SNTP synchronised clock v1 – display options

The SNTP synchronised clock (ssc) is an ESP8266 based time of day clock with an LED display.

Code development progresses and a working prototype exists with three display options.

Directly supported 4 digit 7 segment LED displays

Several common driver boards are supported directly by the source code, most of these and variants can be purchased online for small money.

HT16K33

Above is a large 4 digit 7 segment LED display (1.2″ or 30mm) using the HT16K33 driver chip. Continue reading SNTP synchronised clock v1 – display options

SNTP synchronised clock v1 – a preview

The SNTP synchronised clock (ssc) is an ESP8266 based time of day clock with an LED display.

Design criteria

The design criteria are:

  • small, portable, powered from a 5V USB power supply;
  • synchronised to a SNPT (simple network time protocol) server;
  • flexibility for a range of displays (74HC595 static, TM1637, HT16K33);
  • configurable time zone offset and daylight saving offset;
  • configurable from a web page;
  • switchable HH:MM and MM:SS display formats; and
  • switchable daylight saving mode.

The concept is that it is synchronised to net time, and the only adjustment needed through the year is to flick the daylight saving mode.

The hardware comprises:

  • ESP8266 dev board of some kind;
  • 5V to 3.3V power supply; and
  • 4 digit 7 segment LED display, preferably with a colon in the middle.

Above is a development prototype using a Wemos D1 mini ESP8266 board and 4 digit display using 74HC595 shift registers. Continue reading SNTP synchronised clock v1 – a preview

Fix for a certain TM1637 LED display

There are a miriad of low cost displays for hobbyists in online shops, particularly targeting Arduinos where libraries exist to drive the most common chips.

This article looks at a 4 digit LED module particularly suited to a digital clock display. The driver chip is a TM1637, and it requires Vcc and Gnd, a data IO wire and data clock wire.

Above is an example that just didn’t work. Continue reading Fix for a certain TM1637 LED display

ESP8266, ESP32 reset – the (ugly) detail

Like many microcontrollers, the ESP8266 and ESP32 series contain an in-Silicon bootloader which can be initiated at chip reset by holding a pin low at the moment of reset.

Documentation is not helped by less than common terms (like EXTRSTB for a pin that is really a /RST, and the EN pin which seems to be used interchangeably as a /reset pin). The other relevant pin is known as GPIO00, but can be thought of as a /BOOT bin (often labelled IO00 on PCBs).

Automatic bootloader initiation

The firmware is uploaded using ordinary RS232/TTL, and it is possible to use modem control signals to control the /RST (EXTRSTB) and /BOOT (GPIO00 or IO0) pins, indeed the common convention is to use RS232 signals RTS for resetting the MCU, and DTR for boot selection.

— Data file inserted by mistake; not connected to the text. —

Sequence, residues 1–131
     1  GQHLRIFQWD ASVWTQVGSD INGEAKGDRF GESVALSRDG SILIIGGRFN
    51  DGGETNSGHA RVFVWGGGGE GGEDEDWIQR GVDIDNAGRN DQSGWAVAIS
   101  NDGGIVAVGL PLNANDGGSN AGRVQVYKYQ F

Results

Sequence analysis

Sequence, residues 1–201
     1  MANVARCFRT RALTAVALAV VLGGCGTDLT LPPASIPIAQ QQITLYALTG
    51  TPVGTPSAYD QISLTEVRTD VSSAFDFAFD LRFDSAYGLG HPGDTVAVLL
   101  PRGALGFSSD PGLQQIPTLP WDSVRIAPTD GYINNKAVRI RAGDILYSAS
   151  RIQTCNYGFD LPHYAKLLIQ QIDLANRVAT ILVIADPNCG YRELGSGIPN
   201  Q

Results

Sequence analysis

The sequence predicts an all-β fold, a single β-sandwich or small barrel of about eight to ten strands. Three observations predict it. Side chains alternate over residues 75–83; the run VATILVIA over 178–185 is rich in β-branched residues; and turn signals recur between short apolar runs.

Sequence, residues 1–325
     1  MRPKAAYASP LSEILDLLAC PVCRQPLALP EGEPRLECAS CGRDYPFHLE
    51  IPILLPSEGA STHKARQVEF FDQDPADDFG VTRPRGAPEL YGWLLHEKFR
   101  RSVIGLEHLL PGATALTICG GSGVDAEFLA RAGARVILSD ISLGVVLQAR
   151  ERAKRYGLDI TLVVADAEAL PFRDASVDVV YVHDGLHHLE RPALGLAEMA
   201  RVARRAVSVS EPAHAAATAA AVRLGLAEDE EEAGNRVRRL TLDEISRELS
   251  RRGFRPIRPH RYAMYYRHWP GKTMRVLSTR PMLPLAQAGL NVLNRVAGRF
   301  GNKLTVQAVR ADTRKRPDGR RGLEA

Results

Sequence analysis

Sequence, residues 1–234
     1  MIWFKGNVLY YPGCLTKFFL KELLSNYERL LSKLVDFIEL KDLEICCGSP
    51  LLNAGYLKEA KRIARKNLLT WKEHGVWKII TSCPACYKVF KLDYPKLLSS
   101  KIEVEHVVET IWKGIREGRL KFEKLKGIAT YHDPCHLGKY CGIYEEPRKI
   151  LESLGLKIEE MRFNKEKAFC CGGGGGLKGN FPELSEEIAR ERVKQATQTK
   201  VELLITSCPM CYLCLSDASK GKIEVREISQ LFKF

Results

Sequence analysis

So, it is possible to connect RS232/TTL /RTS to /RST and /DTR to /BOOT, and ESPTOOL will automatically initiate the boot loader when accessing the chip.

Above is a simulation of that type of direct connection. The RTS/DTR scenario is that from ESPTOOL, but it can be seen that even if the RTS transition was delayed somewhat the /BOOT pin is low and when /RST rises the chip will initiate the bootloader. The critical timing is that /BOOT is low when /RST transitions from low to high. Continue reading ESP8266, ESP32 reset – the (ugly) detail

Logging temperature meter (ltm) v1 – prototype trial run measuring ECT

Logging temperature meter (ltm) is a ESP8266 based temperature measurement and logging device.

Above is the prototype, but for this test a small thin film NTC thermistor was attached to the existing engine coolant temperature (ECT) sensor. Continue reading Logging temperature meter (ltm) v1 – prototype trial run measuring ECT

A handy 230VAC 15A inline power meter based on an inexpensive module from eBay

This article describes a simple and inexpensive inline power meter for use as a test instrument.

CNC routing

The box cutouts were done on a CNC router, but they could be done with hand tools.

Above, calcs of feeds and speeds for the CNC router. The box is actually ABS, but cutting speed for Polycarbonate is the same.

Above is the tool path for one side of the box. The cutouts suit the 7P-2 strain reliefs. The gcode is generated from a custom Python file using a custom library of common shapes that I use. Continue reading A handy 230VAC 15A inline power meter based on an inexpensive module from eBay

Logging temperature meter (ltm) v1 – prototype Vin calibration

Logging temperature meter (ltm) is a ESP8266 based temperature measurement and logging device.

ESP32

The project is based on port of an existing ESP8266 Arduino project, and consideration was given to migration to the ESP32 hardware platform, but there are large differences to the WiFi related libraries… so for now, ESP8266 looks ok.

A bigger issue is that the ESP32 ADC is renowned for non-linearity, worse in some modes than others.

One poster offered the following graph of an ESP32 measurement to a discussion.

Some developers have worked on a per device look up table to implement a linearisation scheme. That means each individual device needs to have its input characteristic mapped and then used by the compensation code running on that device. Continue reading Logging temperature meter (ltm) v1 – prototype Vin calibration